Families gathering, wine glasses filled, fireplaces roaring and TV screens flickering.
What? TV? Yep – that’s right. This is Holidays 2.0, the latest version of twenty-first century family time. Forget about toasting marshmallows and singing carols, we’re talking quality screen time for one and for all. Nothing rings in the holiday season better than a family viewing of White Christmas or Miracle on 34th Street.
Not so fast. While the old standbys have their place -- on Turner Classic Movies,VHS, DVD, DVR, BluRay… NetFlix, Hulu, OnDemand… iPod/iPad/iPhon/iVey… in the cloud and, probably, on a sphere of our gray matter that will be accessible sometime in the near future for a nominal monthly fee… a few of us have expanded the holiday movie repertoire to include movies beyond these two.
It’s not really a question of moving beyond White Christmas and Miracle on 34th Street. It’s about moving beyond the grainy, black and white films starring a cast of brilliant and beloved dead actors. It’s about moving beyond the Technicolor, tap dancing, let’s-put-on-a-show films that also feature a cast of brilliant and beloved actors who are no doubt gathering around Danny Kaye in that giant sound studio in the sky.
Annual viewing is not a new idea. There was a time when Thanksgiving was synonymous with a televised, only occasionally interrupted for advertising showing of The Wizard of Oz. We looked forward to that once-a-year-only peek at the Ruby Slippers.
Consider the idea of a shared, cultural experience as part of the appeal. So maybe it’s a little far fetched to compare the annual rite of watching a movie to the great oral traditions of, say, reciting The Odyssey. But based on more recent days of antiquity, such as our childhoods, when there were yearly broadcasts of A Charlie Brown Christmas, there’s a hint of relevance to the comparison. In our house, that was a pretty big event, followed closely by any holiday story expressed with the animated wizardry of claymation.
The point is, watching together absolutely promotes bonding. If Jane Goodall were observing us on the other side of the window, she’d no doubt confirm that the collective gathering of supine primates staring at a screen while mindlessly feeding is conducive, perhaps even necessary, for cementing familial ties. Or, as Mike Ditka might say, “It’s da best.”
Now, how to choose the right movie presents a few challenges. Is there a movie out there that passes the Pixar test? That is to say, a movie that appeals to all levels of taste, from the groundlings right up to the royals?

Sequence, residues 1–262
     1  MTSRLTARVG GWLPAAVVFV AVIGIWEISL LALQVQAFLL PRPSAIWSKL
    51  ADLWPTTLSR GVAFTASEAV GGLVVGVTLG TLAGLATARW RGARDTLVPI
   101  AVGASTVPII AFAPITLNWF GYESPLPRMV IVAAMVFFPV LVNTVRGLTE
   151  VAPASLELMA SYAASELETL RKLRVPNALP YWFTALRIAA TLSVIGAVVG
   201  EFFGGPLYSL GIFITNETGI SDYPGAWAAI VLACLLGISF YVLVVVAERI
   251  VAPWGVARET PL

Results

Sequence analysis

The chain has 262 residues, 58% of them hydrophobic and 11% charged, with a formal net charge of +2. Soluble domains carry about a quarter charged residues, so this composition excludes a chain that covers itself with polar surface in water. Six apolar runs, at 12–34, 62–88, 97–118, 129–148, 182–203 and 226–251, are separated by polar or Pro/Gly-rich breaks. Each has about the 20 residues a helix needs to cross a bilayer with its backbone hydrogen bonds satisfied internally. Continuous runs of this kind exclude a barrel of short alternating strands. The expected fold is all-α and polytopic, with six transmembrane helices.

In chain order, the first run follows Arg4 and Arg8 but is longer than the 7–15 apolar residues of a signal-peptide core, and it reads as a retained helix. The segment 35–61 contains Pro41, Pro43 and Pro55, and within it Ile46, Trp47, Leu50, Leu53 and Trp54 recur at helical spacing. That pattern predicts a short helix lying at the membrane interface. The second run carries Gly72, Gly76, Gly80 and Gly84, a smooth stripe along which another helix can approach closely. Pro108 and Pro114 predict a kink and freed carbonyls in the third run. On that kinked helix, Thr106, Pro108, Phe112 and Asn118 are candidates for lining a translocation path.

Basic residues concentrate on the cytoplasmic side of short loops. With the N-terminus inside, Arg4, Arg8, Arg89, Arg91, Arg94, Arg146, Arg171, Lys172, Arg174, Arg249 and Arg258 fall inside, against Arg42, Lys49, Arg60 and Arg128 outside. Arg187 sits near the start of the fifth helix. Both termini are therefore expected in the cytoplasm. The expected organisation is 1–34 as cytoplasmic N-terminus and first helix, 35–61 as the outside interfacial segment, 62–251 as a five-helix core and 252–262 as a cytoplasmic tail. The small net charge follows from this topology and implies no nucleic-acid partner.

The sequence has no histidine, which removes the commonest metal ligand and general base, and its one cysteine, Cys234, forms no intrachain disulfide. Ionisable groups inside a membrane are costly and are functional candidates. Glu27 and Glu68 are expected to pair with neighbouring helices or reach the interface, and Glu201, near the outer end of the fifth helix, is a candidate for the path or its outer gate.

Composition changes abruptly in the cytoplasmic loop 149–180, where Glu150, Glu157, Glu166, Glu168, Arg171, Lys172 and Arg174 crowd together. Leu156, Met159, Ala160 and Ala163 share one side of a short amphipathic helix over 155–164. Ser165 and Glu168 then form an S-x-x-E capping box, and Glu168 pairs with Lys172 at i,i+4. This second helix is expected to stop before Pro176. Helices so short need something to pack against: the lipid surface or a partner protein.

Let’s break down holiday films into five categories:
The main theme of the nostalgic movies is that by the end, no one is ever alone, sick, poor, unmarried, ungrateful or unhappy. Examples include:
It’s a Wonderful Life (1946)
A Christmas Carol (1951)
Miracle on 34th Street (1947)
White Christmas (1954)
Holiday Inn (1942)
Babes in Toyland (1934)
Screwball Holiday Humor
Stupid holiday humor mandates there be a dysfunctional family, adolescent man-children, holiday décor on steroids, a more than healthy dose of vulgar bodily noises everyone blames on the dog and a fair amount of slapstick. Examples include:
National Lampoons’s Christmas Vacation (1989)
A Christmas Story (1983)
Home Alone (1990)
The Santa Claus (1994)
Generic Humor with a Nod to the Holidays
We debated whether or not to include these in the holiday movie category, but by a vote of two to zero with two dissenting, we were overruled. Granted, these are quality films with just a touch of jingle, turkey or Auld Lang Syne, but they deserve consideration. Examples include:
Planes, Trains and Automobiles (1987)
When Harry Met Sally (1989)
Bridget Jones’s Diary (2001)
Little Women (1994)
Die Hard (1988)
Animated Holiday Classics
No one can turn these off, and even the crustiest among us has a heart that thaws when we catch a glimpse. You don’t have to own them, but you could. Examples include:
Frosty the Snowman (1969)
Rudolph, the Red-Nosed Reindeer (1964)
Santa Claus is Comin’ to Town (1970)
How the Grinch Stole Christmas (1966)
The Polar Express (2004)
A Rugrats Chanukah (1997)
Stuff We Never Want to See
These films are usually artsy, freaky, scary and offbeat. Or, it is by Charles Shultz. Enough said. Examples include:
Bad Santa (2003)
How the Grinch Stole Christmas (2000)
The Nightmare Before Christmas (1993)
A Charlie Brown Christmas (1965)
Ernest Saves Christmas (1988)
Home Alone 2 (1992)
Which leads us to the ultimate question: What to watch with the whole family over the holidays?
Just kidding. Football and a movie.